Judith Kerr was born on 14th June 1923 in Hamburg, Germany to a German-Jewish theatre critic. The family fled Germany in 1933 on the eve of war, fearful because Judith’s father had been openly critical of the Nazis, events that inspired her writing for years to come.
Originally a budding artist, this was put on the backburner when she became a refugee. Eventually the family would settle in Britain and when Judith had her own children she started writing and drawing again.
Her first and possibly most famous work The Tiger Who Came to Tea was published in 1968, inspired by the threat at the door of living under the Reich. The tiger came to being after visits Judith and her children made to the zoo and made up stories for her children based on the animals. A favourite of her daughter’s was the ‘tiger story’, and the Tiger
My own favourite is Mog the cat and this series of stories is also inspired by a real cat. Judith had always wanted a cat as a child but had been unable to because of the family’s instability, when she moved into her own house she acquired an eccentric cat inspiring an 18 series long set of books.
Kerr’s other best known series doesn’t feature cats, but there is a pink rabbit. The Out of the Hitler Time trilogy is a semi-autobiographical story of a young Jewish girl and her family escaping the Nazis.
Aside from that Kerr has at least a dozen books to her name, the most recent published in 2015 and this life of writing is testament to one of the most popular children’s authors of our time.
“Andersen could not tell the world of his own homosexual love for the people of the world, but the original manuscripts showed his feelings clearly.”
Love, lust, and loss colour the story of Mary Wollstonecraft Godwin and Percy Shelley which resulted in the classic horror tale Frankenstein. Elle Fanning (Maleficent, Box Trolls) and Douglas Booth (Pride and Prejudice and Zombies) star as Mary and Percy, and take us with them on their heart-rending journey.
Born in London, Herbert released his first novel, The Rats in 1974. This and many of his other works would go on to become major adaptations in their own right. He wrote and released work right up to w2012, just a year before his death and is said to be an inspiration to many other horror authors, including Stephen King, who described his writing as “like Mike Tyson in the ring, all brute force”. Read More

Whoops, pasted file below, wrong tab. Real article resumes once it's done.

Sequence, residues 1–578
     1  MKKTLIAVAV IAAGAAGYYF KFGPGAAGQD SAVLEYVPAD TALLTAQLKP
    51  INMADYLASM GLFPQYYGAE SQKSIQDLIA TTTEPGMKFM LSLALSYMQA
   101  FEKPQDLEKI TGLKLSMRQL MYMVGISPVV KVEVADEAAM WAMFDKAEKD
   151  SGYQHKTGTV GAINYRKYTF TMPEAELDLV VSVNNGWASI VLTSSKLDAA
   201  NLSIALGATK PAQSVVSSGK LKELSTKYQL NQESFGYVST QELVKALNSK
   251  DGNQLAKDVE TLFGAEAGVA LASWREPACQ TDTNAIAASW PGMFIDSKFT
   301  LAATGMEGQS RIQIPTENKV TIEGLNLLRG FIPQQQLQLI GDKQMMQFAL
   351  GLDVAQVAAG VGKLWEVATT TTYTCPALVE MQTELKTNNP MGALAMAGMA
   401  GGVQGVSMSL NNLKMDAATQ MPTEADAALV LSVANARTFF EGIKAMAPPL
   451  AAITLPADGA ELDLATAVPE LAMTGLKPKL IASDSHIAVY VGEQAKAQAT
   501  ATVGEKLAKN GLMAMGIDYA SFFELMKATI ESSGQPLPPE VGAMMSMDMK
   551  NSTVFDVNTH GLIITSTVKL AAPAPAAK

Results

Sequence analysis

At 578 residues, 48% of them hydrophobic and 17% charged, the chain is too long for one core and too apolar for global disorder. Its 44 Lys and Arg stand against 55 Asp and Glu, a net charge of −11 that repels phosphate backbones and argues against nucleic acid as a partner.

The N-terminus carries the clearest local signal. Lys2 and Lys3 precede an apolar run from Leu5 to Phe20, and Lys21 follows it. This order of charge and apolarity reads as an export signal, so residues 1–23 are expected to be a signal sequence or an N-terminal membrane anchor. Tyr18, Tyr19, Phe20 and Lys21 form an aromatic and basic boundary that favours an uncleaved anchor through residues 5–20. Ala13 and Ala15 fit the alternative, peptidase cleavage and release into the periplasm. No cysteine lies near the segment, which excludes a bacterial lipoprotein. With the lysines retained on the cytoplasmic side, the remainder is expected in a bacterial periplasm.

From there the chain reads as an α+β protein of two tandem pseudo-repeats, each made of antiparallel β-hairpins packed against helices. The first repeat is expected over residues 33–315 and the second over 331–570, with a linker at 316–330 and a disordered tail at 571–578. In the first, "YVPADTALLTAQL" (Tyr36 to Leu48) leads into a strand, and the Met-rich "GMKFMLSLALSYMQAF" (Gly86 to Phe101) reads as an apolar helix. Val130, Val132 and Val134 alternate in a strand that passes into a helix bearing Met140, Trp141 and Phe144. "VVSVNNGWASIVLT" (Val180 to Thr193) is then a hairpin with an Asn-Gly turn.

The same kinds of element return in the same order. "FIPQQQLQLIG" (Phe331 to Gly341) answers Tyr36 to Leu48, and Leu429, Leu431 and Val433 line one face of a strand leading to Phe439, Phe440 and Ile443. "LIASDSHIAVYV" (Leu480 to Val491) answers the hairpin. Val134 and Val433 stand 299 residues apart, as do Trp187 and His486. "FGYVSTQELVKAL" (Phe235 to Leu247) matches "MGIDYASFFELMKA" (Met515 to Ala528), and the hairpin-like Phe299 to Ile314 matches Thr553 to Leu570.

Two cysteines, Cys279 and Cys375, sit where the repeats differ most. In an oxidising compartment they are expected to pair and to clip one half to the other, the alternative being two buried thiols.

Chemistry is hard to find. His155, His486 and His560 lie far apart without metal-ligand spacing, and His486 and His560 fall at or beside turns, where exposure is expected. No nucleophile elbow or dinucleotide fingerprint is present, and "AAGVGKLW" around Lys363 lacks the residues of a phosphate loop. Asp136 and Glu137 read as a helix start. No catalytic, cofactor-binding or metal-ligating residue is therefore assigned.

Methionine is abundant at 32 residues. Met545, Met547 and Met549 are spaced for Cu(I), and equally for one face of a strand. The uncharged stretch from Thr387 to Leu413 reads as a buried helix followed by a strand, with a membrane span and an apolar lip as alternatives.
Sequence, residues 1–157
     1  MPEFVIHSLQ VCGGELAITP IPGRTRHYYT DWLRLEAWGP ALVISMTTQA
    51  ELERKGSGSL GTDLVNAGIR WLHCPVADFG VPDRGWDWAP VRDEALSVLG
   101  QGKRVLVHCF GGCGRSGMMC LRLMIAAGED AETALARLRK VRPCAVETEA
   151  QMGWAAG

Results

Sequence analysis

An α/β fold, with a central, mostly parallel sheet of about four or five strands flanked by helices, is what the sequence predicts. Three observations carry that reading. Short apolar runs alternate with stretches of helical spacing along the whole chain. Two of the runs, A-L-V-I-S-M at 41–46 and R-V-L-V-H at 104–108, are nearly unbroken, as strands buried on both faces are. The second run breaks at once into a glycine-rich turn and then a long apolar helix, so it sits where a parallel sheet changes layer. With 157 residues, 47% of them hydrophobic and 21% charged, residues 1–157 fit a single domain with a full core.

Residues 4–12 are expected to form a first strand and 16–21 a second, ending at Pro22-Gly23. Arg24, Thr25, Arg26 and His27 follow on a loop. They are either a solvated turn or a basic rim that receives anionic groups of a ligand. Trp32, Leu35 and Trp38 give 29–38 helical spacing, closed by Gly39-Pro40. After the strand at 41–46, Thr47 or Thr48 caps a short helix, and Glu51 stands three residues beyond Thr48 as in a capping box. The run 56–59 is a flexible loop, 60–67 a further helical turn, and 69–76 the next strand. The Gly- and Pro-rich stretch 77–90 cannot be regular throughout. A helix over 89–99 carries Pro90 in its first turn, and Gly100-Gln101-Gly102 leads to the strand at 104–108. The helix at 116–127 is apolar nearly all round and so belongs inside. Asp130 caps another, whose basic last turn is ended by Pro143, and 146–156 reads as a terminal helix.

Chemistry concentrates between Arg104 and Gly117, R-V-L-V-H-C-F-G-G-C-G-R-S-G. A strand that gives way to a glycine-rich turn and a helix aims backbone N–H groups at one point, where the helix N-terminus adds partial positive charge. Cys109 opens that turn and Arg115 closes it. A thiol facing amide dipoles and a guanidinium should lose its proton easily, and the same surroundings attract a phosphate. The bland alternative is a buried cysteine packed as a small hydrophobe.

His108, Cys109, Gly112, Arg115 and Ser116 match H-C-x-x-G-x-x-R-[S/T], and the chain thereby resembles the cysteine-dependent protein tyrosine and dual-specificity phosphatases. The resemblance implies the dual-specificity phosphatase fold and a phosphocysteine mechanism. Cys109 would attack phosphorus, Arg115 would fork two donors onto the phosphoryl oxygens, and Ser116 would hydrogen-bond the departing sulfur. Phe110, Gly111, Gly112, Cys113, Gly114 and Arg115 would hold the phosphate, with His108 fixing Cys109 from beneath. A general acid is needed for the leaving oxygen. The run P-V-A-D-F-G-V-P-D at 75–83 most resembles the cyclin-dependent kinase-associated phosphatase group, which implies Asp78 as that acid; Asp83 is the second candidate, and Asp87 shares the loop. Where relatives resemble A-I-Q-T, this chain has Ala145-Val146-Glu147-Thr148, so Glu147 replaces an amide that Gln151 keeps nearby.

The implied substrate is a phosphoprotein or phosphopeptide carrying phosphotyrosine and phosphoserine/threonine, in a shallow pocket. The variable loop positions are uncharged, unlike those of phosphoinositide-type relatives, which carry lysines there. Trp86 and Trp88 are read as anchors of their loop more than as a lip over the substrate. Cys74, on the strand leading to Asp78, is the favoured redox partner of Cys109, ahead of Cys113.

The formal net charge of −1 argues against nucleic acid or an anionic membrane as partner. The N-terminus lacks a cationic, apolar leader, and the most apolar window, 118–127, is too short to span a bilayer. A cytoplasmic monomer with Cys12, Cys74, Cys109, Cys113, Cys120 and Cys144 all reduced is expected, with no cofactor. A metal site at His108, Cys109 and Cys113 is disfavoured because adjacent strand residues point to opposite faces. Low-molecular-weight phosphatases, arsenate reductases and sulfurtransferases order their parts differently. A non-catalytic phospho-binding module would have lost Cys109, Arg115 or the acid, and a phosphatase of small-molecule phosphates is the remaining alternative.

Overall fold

Many women have noticed how female characters can be so badly written, especially by men. It is almost as if those male writers don’t see women as people, with complex personalities and 3-dimensional lives. The strange and often nonsensical over-description of women’s bodies can be most irritating, and when a male writer has a female character narrating, it often becomes embarrassing for everyone involved.
Writer Gwen C. Katz noticed this happening again and again until one day, when faced with yet another ridiculous passage in a book she had begun reading, she tweeted a snippet from the book.
The discussion that followed prompted her fellow women readers and writers on Twitter to join in a game… Describe yourself as a male writer would.
The STKF has recently awarded a $50,000 grant that will be used to help with providing books and a literacy program in Portland elementary schools.
Spokeswoman Kate Snyder noted that Portland public schools’ Books and Literacy Resources program will certainly benefit from the award with the $50,000 used to build book collections to also celebrate culture and language differences.
Zola accrued many enemies during his life and thanks to a series of death threats always slept with his bedroom door firmly closed and locked. On 1st September 1902, Zola and his wife, Alexandrine returned from a trip to the country on a wet, cold night. They returned to their house on the rue de Bruxelles in Paris. After lighting a coal fire, the pair retired to bed, the window shut and door locked due to the death threats Emile Zola had received. Read More